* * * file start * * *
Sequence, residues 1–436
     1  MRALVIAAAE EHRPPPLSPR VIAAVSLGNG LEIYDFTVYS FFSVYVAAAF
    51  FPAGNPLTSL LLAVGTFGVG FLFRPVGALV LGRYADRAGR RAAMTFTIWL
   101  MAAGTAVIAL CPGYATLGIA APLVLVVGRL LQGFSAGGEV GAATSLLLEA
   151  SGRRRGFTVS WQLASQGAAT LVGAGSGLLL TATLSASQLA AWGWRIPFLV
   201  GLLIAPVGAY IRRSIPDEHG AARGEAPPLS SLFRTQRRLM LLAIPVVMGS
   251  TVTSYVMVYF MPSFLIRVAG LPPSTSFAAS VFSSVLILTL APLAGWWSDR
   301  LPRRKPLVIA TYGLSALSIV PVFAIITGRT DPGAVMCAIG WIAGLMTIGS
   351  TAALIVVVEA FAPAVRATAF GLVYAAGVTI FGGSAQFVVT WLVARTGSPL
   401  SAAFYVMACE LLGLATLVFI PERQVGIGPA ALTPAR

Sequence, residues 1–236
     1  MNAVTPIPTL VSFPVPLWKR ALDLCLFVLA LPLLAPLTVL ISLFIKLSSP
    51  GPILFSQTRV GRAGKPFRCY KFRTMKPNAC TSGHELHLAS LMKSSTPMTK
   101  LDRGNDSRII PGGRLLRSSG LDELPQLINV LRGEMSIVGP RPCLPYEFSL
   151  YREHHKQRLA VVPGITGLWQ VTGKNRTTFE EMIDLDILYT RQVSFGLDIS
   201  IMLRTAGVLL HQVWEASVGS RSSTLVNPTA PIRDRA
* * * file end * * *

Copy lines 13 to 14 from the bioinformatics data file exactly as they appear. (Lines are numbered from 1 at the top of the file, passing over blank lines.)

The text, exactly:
    51  GPILFSQTRV GRAGKPFRCY KFRTMKPNAC TSGHELHLAS LMKSSTPMTK
   101  LDRGNDSRII PGGRLLRSSG LDELPQLINV LRGEMSIVGP RPCLPYEFSL